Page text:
“This is the pivot point of the season and of Loki’s story here, and a lot of times, these pivot points can seem like the end of the journey,” Martin says. “Obviously, we have two more episodes, so this journey is going to continue, but it is not going to be the straight line that we expect.”
Martin insists that the fourth episode’s ending is not some form of bait and that there will be consequences.
“This is not something that’s just a piece of plot. This is part of an overall story tapestry that we’ve built. There’s a lot going on this season, but everything is purposeful. There’s meaning in all of it,” Martin adds.
Below, during a spoiler conversation with THR, Martin revisits key moments from the first four episodes of Loki season two and teases that the best is yet to come.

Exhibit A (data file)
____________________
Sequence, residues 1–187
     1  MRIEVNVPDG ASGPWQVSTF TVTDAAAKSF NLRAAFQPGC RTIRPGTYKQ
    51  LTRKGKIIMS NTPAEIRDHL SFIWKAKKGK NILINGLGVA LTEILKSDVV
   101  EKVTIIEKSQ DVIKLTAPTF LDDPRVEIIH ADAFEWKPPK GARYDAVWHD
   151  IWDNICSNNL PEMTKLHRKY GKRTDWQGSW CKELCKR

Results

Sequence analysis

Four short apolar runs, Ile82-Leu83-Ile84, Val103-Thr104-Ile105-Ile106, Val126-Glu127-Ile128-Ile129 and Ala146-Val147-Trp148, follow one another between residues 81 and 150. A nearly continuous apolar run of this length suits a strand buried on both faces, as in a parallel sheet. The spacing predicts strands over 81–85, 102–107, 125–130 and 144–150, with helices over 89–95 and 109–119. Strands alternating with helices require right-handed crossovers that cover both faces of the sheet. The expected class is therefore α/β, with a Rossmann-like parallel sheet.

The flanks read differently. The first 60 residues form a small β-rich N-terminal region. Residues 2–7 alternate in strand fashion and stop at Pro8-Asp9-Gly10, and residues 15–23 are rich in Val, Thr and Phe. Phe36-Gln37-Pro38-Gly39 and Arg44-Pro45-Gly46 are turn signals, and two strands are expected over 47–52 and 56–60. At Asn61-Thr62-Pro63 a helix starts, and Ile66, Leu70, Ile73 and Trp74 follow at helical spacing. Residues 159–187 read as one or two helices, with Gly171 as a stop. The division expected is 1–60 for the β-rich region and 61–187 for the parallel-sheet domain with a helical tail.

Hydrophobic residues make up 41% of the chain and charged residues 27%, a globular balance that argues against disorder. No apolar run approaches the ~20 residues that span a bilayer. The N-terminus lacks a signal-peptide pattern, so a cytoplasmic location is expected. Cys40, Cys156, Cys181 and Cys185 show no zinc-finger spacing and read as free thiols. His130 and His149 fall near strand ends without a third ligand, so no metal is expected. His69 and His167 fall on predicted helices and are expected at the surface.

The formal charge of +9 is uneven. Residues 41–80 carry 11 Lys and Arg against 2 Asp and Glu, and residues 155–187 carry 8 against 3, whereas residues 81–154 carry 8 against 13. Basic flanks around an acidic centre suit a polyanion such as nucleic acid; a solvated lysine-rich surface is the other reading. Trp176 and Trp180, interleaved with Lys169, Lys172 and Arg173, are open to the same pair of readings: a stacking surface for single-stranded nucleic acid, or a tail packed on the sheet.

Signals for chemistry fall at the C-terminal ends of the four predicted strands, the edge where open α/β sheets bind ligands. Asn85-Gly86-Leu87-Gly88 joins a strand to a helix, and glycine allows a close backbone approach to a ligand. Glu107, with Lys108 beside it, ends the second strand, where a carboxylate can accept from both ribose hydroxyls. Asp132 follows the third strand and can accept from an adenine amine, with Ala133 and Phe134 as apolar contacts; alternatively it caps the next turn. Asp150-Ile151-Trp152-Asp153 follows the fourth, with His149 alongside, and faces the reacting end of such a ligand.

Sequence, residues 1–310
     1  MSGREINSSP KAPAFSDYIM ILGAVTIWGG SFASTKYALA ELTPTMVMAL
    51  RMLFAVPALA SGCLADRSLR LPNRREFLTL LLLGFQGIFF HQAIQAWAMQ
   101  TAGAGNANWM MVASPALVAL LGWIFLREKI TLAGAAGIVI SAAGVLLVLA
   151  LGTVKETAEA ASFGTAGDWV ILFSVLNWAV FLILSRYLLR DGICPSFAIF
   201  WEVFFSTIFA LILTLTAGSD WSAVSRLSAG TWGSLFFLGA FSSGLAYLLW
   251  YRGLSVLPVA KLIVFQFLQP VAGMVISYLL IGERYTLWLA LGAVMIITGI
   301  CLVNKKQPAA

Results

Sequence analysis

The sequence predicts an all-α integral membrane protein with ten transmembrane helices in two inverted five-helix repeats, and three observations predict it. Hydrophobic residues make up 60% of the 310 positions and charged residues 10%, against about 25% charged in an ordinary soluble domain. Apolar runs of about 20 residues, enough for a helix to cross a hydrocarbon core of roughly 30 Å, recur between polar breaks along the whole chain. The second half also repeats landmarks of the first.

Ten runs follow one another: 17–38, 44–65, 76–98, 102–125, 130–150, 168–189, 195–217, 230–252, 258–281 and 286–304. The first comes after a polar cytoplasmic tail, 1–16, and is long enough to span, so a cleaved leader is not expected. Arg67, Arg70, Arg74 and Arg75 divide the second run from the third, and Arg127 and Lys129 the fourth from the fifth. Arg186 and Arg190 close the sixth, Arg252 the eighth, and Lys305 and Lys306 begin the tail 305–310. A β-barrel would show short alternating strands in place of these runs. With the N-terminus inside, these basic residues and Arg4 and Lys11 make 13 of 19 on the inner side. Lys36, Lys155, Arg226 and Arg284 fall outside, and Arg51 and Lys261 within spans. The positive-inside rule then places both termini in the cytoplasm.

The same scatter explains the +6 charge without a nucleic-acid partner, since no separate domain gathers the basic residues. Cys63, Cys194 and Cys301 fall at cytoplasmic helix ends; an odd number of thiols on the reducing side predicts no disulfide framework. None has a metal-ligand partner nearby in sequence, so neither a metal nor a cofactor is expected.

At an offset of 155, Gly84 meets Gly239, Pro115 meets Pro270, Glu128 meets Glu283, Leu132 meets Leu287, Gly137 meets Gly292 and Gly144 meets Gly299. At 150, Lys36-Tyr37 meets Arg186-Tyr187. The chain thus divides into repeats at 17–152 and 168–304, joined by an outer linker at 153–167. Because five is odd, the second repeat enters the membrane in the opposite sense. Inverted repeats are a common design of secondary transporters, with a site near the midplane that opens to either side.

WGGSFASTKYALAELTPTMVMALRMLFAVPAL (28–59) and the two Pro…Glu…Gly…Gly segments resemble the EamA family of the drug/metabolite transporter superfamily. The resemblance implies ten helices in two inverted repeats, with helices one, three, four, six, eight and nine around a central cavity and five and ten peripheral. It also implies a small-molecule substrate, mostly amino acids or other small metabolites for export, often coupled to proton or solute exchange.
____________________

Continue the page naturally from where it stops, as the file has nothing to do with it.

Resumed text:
So I loved Heels season one, especially the Crystal Tyler (Kelli Berglund) story that you paid off in your season one finale script. Of course, Loki creator Michael Waldron also created that show, so did the two of you hit it off in that room en route to Loki?
Michael and I already knew each other, actually. He’s my oldest friend in the industry. We’ve known each other since grad school and just hit it off right away. It was like, “I get what you’re doing and you get what I’m doing.” So we’ve just been good friends and really trusted collaborators ever since.
As far as I’m concerned, Loki season one was Marvel’s most successful outing on Disney+, and then you moved up from staff writer to head writer for season two. How did that promotion go down?